French labour market researchers at the CEGOS Observatory have just released their annual survey of training in Europe. It involves a reasonable size sample (2,470 workers in six countries) and the findings suggest that participation is holding up reasonably well in the recession, though the authors speak of ‘a French and Spanish sickness’. They also confirm the integration of new technologies and social media into workplace learning is increasing apace, and that those who are already highly educated continue to receive the most training.
So far as Britain is concerned, the findings broadly support those who argue that our workplace learning system is comparatively strong. Workers in Britain were most likely to:
- report participation in distance learning and blended learning
- receive information about training from their manager
- say that they have benefited from training.
They were least likely to claim that training had been imposed on them, though not by much. In Italy, 38% said they generally had training imposed on them by their employer, as against 35% in Germany, 32% in France and 31% in Britain. Even though most workers said that they were able to suggest training activities for themselves, the survey finds that more training results from employer instructions than from dialogue and negotiation. This is more surprising for countries like France and Germany, where work councils are well established, than it is in Britain, whose labour market is less tightly regulated.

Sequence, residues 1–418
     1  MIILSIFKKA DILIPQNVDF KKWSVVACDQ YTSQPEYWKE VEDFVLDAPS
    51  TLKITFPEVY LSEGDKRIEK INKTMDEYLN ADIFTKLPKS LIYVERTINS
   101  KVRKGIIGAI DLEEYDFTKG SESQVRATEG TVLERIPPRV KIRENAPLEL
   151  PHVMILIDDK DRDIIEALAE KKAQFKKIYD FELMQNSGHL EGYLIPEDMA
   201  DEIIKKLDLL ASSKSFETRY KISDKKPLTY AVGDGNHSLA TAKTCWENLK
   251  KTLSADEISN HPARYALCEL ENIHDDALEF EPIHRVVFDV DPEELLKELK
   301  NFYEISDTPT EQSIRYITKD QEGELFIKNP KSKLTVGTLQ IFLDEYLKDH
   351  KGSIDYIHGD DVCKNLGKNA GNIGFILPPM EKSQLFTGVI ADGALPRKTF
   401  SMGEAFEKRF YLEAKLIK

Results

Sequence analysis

A summary of the CEGOS findings can be downloaded at: http://www.cegos.fr/actualites/Pages/enquete-formation-professionnelle-en-europe-2013.aspx